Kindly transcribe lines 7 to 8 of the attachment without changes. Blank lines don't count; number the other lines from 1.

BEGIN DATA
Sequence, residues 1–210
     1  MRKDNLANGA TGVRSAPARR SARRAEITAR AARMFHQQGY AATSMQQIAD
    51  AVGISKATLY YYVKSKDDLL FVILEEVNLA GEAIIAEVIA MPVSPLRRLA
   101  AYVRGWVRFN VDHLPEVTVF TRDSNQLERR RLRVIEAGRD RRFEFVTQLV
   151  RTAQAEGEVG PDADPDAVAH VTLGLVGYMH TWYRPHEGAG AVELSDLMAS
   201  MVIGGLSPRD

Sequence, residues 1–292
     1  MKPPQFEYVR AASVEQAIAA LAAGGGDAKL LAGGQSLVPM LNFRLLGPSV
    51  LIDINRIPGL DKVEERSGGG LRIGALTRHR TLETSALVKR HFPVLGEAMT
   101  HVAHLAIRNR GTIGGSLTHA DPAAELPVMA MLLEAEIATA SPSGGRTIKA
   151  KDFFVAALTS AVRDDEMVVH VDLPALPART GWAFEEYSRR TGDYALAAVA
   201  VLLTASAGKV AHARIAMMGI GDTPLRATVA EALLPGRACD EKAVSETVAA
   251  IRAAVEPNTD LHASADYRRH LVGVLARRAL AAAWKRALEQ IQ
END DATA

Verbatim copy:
Sequence, residues 1–292
     1  MKPPQFEYVR AASVEQAIAA LAAGGGDAKL LAGGQSLVPM LNFRLLGPSV